Seattle Seahawks

Seahawks' Russell Wilson reveals he's a helicopter pilot, too. Of course he is

Russell Wilson reacts to teammate Earl Thomas skipping Seahawks mandatory minicamp

Russell Wilson reacts to teammate Earl Thomas skipping the Seahawks mandatory minicamp, but the quarterback has no doubt Thomas will stay prepared.
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Russell Wilson reacts to teammate Earl Thomas skipping the Seahawks mandatory minicamp, but the quarterback has no doubt Thomas will stay prepared.

Russell Wilson has gotten a bird's-eye view of his recently announced venture to bring a Major League Baseball team to Portland.

Literally. As in, actually from the sky.

The Seahawks' $87.6 million franchise quarterback—plus part-time New York Yankee, race-car dabbler, product pitch man and entrepreneur—has been flying helicopters, including over the Rose City.

Of course he has.

Tuesday, Wilson revealed he's a helicopter pilot. That was two days after he was in a race car at a Formula I event in Canada. He was talking about how he saw potential sites for a new MLB stadium in Portland when he mentioned one of his many other interests.

"It's a city that loves, LOVES, sports," Wilson said. "Me and (wife) Ciara, actually, got the chance—because I've actually been flying helicopters—we got a chance to go fly over the sites, right? And the Portland soccer team (the Timbers, of Major League Soccer) was playing down there, and the place was packed. I mean, every game, 25,000 or however many people there is, 25,000 people, sold out. It's just cool to see the city and the energy of that city.

"Obviously, the Mariners have been doing great things. And I think the Pacific Northwest deserves (two MLB teams)."

Wait...I couldn't let that aside go past: The Seahawks' most indispensable player is flying helicopters around urban centers?

"Yeah, yeah. I'm flying," Wilson said. "Probably (for) about almost a year."

Um...why?

"I think that for me, I don't much time where you kind of get away and kind of free your mind a little bit—and I don't mean that, like, in a weird way. I just mean in a sense of, just being able to see, especially here in the Pacific Northwest, you get in Seattle and you get up in the air and you get to see the mountains," Wilson said. "You get to see the trees and the water and everything. You really, for me, I get to see where God is and what God's created, you know. And it's just a blessing, every day. I'm thankful every day for what God's been able to give me.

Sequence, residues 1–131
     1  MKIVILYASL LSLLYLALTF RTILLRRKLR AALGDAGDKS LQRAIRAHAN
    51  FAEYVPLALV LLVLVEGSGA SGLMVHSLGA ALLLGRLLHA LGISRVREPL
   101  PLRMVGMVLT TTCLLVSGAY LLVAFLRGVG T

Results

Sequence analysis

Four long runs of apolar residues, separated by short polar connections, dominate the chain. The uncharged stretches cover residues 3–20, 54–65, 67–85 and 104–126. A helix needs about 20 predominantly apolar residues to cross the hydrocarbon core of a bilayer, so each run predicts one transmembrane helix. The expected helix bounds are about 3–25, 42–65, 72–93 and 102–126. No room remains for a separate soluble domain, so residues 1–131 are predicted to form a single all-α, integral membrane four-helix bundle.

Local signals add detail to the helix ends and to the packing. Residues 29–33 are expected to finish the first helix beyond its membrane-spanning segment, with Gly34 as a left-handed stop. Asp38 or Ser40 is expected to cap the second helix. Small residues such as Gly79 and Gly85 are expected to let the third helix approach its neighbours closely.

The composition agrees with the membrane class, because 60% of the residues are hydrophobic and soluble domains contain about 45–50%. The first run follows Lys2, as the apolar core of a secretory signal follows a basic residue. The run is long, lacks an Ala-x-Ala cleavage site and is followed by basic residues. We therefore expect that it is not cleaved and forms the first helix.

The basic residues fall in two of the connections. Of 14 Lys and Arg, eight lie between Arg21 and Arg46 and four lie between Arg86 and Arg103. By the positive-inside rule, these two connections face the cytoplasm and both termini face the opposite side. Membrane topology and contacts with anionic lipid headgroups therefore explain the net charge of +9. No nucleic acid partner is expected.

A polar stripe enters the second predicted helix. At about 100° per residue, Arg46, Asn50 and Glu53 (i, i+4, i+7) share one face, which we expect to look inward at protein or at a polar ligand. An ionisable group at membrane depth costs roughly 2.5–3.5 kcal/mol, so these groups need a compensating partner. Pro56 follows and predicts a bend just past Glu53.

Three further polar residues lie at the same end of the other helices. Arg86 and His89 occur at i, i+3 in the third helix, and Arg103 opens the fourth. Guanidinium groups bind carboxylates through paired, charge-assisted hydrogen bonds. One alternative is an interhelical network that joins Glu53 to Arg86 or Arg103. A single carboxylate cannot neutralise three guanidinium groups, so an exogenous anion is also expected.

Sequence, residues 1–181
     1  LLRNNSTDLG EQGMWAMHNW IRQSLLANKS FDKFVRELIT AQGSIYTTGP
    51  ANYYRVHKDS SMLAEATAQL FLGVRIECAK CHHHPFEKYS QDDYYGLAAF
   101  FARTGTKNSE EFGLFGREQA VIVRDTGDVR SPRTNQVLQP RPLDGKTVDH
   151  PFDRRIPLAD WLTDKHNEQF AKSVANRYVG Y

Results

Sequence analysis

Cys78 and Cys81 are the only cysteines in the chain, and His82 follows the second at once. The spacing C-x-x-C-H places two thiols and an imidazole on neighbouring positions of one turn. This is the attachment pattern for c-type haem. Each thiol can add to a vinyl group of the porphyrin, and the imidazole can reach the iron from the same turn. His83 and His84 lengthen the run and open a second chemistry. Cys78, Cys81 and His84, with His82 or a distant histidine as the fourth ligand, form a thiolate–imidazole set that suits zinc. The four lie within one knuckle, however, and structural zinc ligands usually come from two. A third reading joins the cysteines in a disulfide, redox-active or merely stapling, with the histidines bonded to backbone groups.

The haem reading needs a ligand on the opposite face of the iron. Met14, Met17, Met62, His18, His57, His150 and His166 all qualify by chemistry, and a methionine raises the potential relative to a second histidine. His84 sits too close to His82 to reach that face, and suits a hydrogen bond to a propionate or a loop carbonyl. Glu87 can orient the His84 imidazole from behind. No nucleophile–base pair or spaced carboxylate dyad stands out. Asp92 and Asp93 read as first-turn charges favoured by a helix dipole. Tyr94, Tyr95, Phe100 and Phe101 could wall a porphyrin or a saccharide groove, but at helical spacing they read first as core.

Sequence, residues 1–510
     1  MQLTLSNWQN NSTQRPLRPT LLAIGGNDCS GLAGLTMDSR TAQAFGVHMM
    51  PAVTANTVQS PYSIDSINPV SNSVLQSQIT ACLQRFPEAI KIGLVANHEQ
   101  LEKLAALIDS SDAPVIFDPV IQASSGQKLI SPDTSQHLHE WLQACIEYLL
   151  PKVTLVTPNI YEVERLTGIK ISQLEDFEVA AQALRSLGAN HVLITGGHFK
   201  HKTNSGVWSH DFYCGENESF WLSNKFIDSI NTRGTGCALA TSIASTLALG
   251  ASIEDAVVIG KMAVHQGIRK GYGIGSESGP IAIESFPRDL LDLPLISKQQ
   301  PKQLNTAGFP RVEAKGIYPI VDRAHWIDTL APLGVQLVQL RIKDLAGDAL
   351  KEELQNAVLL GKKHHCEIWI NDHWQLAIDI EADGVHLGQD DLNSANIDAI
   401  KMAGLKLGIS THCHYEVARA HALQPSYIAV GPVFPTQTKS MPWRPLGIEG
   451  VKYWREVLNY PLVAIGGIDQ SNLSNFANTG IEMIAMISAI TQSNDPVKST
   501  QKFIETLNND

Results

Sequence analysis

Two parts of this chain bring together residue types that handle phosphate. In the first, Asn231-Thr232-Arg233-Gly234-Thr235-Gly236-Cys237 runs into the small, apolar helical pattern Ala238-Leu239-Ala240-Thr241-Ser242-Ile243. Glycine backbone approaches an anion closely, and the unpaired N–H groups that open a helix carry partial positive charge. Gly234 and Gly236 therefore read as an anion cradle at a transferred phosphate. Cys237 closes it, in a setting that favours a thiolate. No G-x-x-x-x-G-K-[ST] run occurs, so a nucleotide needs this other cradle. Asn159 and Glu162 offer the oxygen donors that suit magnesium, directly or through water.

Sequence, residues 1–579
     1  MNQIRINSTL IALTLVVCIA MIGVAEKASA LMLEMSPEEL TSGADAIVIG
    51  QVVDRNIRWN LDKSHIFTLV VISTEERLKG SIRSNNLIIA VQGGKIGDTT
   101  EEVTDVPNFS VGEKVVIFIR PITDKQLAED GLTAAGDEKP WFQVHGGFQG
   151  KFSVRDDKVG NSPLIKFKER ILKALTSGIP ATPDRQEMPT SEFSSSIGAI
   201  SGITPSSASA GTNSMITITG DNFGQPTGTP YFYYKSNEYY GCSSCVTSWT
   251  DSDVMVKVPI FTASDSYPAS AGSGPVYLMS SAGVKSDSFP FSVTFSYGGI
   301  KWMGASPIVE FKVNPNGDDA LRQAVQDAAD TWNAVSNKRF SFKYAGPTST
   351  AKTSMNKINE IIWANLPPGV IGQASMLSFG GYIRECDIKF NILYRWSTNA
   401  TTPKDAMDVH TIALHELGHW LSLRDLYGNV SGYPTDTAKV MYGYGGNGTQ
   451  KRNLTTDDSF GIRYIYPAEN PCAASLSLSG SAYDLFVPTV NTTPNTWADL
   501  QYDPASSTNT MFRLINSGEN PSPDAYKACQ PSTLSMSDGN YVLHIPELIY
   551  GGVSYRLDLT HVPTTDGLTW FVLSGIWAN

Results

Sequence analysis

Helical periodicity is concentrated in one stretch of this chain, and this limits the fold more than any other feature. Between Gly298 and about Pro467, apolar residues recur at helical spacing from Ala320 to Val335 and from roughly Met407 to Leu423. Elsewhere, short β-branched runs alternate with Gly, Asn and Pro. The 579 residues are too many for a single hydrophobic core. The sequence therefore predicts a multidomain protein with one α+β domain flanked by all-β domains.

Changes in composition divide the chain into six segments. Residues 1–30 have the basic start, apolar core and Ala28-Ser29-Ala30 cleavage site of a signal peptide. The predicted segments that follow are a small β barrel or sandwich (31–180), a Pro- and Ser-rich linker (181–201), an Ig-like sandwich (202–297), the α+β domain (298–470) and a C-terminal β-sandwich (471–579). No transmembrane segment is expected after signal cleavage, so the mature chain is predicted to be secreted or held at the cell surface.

"I'm thankful for that, every day."

Apparently, the $87.6 million contract extension Wilson signed with the Seahawks did not include a clause prohibiting him piloting helicopters.

Wilson was good friends with Jimmy Graham the last three years until the Pro Bowl tight end signed a free-agent contract with Green Bay in March. Graham is a licensed airplane pilot.

Estimates are flying a helicopter is 25 to 85 times more dangerous than driving a car. Some other estimates are that "helicopters crash about 35 percent more often per hour in the air than your average aircraft."

In 2016, Wilson posted on his social-media channels him flying Ciara around downtown Seattle in a helicopter. But at the time that seemed like a one-time fling. Now he's saying he's been flying regularly.

"Every year I try to do something different," Wilson said Tuesday. "So that's kind of been my thing over the past year."

Wilson got steered toward this chance at owning an MLB team by Craig Cheek, a former Nike executive. Cheek was instrumental in Wilson's endorsement contract with Nike. The shoe, gear and apparel behemoth's headquarters is in the Portland suburb of Beaverton.

Wilson was a college and low-Class-A infielder in the minor leagues before the Seahawks drafted him to be their quarterback in 2012. He's recently made spring-training cameos with the Yankess—this spring, when he got an at-bat in an exhibition game—and in previous springs with the Texas Rangers.

"You guys know, I love baseball. It's a huge opportunity. I've said I would love to own a team some day.

"I had the chance to make an impact in Portland. It's a city that actually means a lot, especially in the sense of the Pacific Northwest, obviously.

"They have a great fan base in terms of the Seattle Seahawks there, too, as well. I thought it was a great opportunity to try to bring baseball to the Pacific Northwest. It's an exciting time."

I asked Wilson if anyone from MLB has given Portland a reasonable chance to land a big-league team. MLB currently has 30 teams, and its commissioner Rob Manfred recently told the Athletic "we are interested" in expansion.

"Definitely think there's a chance, without saying too much," he said. "I definitely think there's a chance, for sure. It's an exciting time, and I'm looking forward to it."

Wilson was asked about trying to bring an MLB team to Portland that would be an instant rival with the Mariners, who play next door to the Seahawks' home stadium in the SoDo section of downtown Seattle.

"I don't think it would be awkward. I love Seattle, obviously," Wilson said. "There's no football team in Portland, so I can't play any football in Portland.

"I love Seattle. It's always meant the world to me. You know, I love baseball. You guys know. I mean, baseball's been the first sport I ever played, you know. So, in terms of the opportunity to own a baseball team, that's one of the greatest opportunities you can have in, really, sports business...in terms of effecting lives and doing great things in the community. The baseball community does it right.

"It's a cool opportunity, for sure."

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